In the present Euro 4 and the coming Euro 5 standards, the limits of decibels (dB) for motorcycles have changed and might even be lowered further. The old limit of 80 dB for motorcycles has disappeared and been replaced by the standard 77 dB.

Noise radars

In general, trucks and motorcycles display a level 3 to 4 dBA higher than cars. The fact that Brussels has introduced the 30 km/zone in January 2021 clearly led to a calming, with nearly 3 decibels less for traffic in general.

Another tool could be noise radars. In July last year, the Brussels Region had 22 permanent measuring stations: 14 for air traffic, 3 for rail traffic, and 5 for road traffic. But a noise radar includes several sound level meters to detect the predominant noises in the traffic and a camera that allows reading the plates. A call for tenders was, therefore, launched in Brussels.

According to Marie Poupé, head of the noise plan department at Brussels Environment, “two suppliers have responded, and they will come in September or October to install their sound level meters.” A survey that, if necessary, could also become a sanctioning tool. “We will see if we need to go one step further in the legislative framework.

Another key factor is of course driver behavior. “This is very important, especially for motorcycles, since noise is sometimes part of the fun of riding,” says Marie Poupé. “Preventing a driver from making vroom vroom at a red light is more complicated. So, we have to work on awareness so that people realize that they are responsible for noise pollution for others.”

E-moto is not a panacea

According to the European Environment Agency, after air pollution, noise is the most dangerous threat to our health. It causes concentration and sleep problems and contributes to the development of nervous diseases, anxiety, and/or cardiovascular problems. Because it makes us less efficient in our professional life, it also has an economic and social cost. Transport-related noise is responsible for two-thirds of these expenses and lost earnings. Road traffic is responsible for 51,8%.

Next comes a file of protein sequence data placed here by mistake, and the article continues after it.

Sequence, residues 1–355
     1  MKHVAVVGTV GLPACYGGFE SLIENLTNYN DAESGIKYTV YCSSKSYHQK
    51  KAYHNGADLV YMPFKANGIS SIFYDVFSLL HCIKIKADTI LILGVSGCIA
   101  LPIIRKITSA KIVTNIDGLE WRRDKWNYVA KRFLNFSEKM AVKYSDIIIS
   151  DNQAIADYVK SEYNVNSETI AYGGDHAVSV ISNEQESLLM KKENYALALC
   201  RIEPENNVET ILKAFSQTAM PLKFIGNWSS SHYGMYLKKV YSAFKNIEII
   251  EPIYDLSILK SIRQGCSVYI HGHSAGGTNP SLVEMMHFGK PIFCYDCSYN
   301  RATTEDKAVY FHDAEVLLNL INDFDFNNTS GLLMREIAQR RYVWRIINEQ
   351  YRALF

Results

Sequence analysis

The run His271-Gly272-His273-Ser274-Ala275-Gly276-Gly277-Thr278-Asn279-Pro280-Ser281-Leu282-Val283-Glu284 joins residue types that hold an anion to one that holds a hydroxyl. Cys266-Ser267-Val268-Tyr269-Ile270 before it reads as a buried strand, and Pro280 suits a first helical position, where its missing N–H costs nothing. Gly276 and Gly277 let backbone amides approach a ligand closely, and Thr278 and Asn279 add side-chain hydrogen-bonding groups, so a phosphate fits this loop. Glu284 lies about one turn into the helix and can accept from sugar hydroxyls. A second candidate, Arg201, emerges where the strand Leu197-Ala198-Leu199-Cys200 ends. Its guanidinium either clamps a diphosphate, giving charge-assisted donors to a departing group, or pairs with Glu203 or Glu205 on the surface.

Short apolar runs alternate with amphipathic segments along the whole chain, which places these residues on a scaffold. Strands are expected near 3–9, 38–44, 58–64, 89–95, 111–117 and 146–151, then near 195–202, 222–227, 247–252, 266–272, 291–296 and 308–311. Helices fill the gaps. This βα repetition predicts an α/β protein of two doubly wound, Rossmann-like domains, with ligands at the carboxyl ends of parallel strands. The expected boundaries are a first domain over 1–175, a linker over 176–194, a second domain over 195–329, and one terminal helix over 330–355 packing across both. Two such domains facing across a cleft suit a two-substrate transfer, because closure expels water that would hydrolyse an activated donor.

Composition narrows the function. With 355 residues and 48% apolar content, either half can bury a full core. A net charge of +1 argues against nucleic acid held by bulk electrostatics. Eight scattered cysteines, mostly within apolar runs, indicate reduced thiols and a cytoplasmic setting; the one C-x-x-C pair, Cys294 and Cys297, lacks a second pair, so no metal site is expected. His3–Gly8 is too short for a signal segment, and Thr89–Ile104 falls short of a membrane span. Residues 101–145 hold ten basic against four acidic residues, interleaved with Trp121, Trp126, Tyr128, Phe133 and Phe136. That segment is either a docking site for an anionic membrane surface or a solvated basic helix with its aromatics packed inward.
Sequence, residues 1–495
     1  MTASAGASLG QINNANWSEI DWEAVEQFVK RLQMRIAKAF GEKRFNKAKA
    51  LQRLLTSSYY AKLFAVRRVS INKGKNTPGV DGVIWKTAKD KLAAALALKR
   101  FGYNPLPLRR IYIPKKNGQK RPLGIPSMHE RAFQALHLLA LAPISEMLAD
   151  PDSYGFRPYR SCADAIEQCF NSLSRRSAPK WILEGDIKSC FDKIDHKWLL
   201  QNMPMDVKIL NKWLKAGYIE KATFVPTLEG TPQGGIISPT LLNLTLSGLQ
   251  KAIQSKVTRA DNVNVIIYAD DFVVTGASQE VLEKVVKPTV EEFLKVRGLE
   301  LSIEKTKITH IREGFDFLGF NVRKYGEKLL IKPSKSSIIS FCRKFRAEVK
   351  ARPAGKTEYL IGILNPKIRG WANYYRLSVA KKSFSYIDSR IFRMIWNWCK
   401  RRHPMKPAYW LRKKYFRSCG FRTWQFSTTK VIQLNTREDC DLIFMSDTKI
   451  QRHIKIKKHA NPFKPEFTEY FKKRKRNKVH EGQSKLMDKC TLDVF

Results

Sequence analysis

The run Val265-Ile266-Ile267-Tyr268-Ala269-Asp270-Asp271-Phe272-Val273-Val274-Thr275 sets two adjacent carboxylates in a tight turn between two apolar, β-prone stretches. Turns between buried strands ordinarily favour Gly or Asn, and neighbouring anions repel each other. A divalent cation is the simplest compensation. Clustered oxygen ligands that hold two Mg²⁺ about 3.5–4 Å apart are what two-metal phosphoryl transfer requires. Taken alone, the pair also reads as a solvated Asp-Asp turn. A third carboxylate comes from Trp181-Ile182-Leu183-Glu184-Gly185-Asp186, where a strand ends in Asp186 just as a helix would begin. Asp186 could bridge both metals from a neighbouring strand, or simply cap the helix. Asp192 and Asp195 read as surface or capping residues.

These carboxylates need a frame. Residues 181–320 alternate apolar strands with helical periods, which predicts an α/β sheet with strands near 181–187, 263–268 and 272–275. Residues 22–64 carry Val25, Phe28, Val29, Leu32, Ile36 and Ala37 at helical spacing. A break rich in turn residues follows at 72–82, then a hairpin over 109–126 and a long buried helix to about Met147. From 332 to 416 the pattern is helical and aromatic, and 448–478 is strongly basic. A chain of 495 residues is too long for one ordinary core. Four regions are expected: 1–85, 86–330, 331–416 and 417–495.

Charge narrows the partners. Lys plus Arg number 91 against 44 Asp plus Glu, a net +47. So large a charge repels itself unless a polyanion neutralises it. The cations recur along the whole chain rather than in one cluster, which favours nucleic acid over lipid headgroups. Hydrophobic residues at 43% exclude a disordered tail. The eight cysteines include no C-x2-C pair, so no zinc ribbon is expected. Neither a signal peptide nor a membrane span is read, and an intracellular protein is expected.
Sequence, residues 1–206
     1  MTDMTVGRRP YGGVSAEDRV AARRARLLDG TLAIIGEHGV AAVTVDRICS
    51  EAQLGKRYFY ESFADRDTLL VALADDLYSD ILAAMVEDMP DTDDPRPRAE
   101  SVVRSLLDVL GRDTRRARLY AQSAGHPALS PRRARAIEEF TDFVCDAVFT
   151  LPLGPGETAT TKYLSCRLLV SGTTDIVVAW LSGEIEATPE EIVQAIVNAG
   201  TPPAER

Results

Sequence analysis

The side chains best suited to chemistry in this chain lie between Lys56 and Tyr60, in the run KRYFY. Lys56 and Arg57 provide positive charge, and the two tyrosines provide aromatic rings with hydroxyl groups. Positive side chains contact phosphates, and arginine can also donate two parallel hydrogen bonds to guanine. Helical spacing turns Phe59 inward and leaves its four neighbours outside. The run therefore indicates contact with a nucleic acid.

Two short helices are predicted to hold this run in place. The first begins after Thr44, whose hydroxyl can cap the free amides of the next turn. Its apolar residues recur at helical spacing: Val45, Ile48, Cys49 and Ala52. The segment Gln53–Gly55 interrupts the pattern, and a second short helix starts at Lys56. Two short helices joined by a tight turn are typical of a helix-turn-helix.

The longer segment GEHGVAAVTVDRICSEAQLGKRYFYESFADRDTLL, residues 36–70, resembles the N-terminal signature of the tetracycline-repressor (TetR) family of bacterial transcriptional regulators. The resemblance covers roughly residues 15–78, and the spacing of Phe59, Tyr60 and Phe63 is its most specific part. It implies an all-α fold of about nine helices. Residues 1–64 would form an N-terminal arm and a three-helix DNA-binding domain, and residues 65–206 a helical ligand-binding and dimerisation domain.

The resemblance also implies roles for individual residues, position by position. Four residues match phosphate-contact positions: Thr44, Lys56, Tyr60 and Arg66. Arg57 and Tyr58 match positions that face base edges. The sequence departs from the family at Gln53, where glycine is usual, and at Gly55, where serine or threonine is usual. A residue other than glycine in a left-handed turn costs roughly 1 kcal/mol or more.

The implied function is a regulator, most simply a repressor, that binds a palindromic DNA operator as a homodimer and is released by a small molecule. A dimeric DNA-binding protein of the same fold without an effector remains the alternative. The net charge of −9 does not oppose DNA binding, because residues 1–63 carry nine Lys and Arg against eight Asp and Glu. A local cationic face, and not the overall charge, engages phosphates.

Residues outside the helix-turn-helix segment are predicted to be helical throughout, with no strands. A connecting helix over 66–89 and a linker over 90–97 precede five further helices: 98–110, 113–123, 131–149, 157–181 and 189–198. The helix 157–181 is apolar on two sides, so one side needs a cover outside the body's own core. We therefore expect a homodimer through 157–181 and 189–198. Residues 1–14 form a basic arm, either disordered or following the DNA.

In 2017, in Belgium, the automobile exposed more than 2 million people to noise levels considered harmful to health.

In a recently conducted survey by Inter-Environment Wallonia, more than one out of three Walloon residents believe that “mixed road traffic” is the most annoying source of noise, ahead of air traffic and the noise from one neighborhood or another.

And contrary to popular belief, the electric car or e-moto is not a panacea that will help combat noise in the future – some companies are even developing a high-tech sound generator that gives vehicles and two-wheelers a specific sound using a specially developed sound module.

In traffic, beyond a certain limit, the noise pollution that impacts us comes more from the rolling (friction of the tires on the road, penetration in the air) than from motorization. The wider the tires, which is the case with SUVs, the louder they are at high speeds.